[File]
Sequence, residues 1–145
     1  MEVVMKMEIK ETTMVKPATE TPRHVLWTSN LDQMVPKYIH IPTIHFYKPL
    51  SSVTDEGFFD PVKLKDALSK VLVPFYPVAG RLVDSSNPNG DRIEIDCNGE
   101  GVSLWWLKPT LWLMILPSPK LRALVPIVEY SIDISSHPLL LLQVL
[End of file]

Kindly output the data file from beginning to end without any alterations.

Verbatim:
Sequence, residues 1–145
     1  MEVVMKMEIK ETTMVKPATE TPRHVLWTSN LDQMVPKYIH IPTIHFYKPL
    51  SSVTDEGFFD PVKLKDALSK VLVPFYPVAG RLVDSSNPNG DRIEIDCNGE
   101  GVSLWWLKPT LWLMILPSPK LRALVPIVEY SIDISSHPLL LLQVL